A small study of family mediation in Spain paints a picture of what parties and mediators believe promotes the parties’ trust in the mediator and points out differences in perspectives between the two groups. Identification of these differences can lead to improved training and professional practice, according to the researchers (Joan Albert Riera Adrover, Maria Elena Cuatrero Castaner, Juan Jose, Montano Moreno). They discuss this in their article, “Mediators’ and Disputing Parties’ Perception of Trust-Building in Family Mediation” (Negotiation and Conflict Management Research, 2019).
For the study, the researchers recruited mediators from a single mediation provider organization. The mediators notified the parties of the research project at the outset of the mediation. If the parties consented to participate in the research, a researcher would meet with the parties at the end of the third joint session and had them complete a survey. Mediators also completed a survey at this time. In all, 31 mediators and 54 parties participated in the research over the course of a year. The mediators were primarily lawyers with an average of 1-6 years’ experience .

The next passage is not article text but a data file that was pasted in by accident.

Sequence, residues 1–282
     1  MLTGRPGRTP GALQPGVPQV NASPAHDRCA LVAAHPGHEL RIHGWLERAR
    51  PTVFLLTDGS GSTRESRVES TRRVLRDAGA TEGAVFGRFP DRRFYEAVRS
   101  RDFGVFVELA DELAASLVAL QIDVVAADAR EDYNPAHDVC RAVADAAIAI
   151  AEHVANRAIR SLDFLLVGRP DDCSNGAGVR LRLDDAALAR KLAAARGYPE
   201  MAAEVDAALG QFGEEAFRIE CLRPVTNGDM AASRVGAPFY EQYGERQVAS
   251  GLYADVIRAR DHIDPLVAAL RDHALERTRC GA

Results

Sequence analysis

The researchers found eight factors which the parties were significantly more likely to say built trust with their mediator than compared to the mediator group. These were:
- The mediator is familiar with legal aspects relating to the dispute
- The mediator suggests an alternative or a way out of the dispute
- The mediator provides candid and frank input about the dispute
- The mediator does not linger too long on the dispute but advances toward its settlement
- The mediator is appointed by an authority, such as a reputed judge
- The mediator shows an interest in the parties’ mutual concerns and focuses on their common goals
- The mediator highlights the rules of mediation
- The mediator talks to the parties about informal matters as opposed to just talking about the dispute
Most of these should not be surprising. Indeed, for all of the above factors except suggesting an alternative and talking about informal matters, a majority of the mediators agreed with the parties about their importance for building trust. However, it does reinforce the notion that trust is about more than just rapport. Parties in this study trusted mediators who focused on resolution and presented alternative options to the parties.
It should be noted that there were numerous other factors for which a large majority of both mediators and parties said built trust. These included the mediator’s listening skills, fairness, impartiality, demeanor and capacity to understand the dispute. These all should be familiar to anyone involved in mediation, as they are generally considered necessary for trust-building.
This research is unique in that it matched up mediator and party perspectives on trust. It can help mediators to know what they should be emphasizing as they attempt to build trust. However, it was limited by a small sample size and lack of qualitative follow up to help elucidate the mediators’ and parties’ thinking.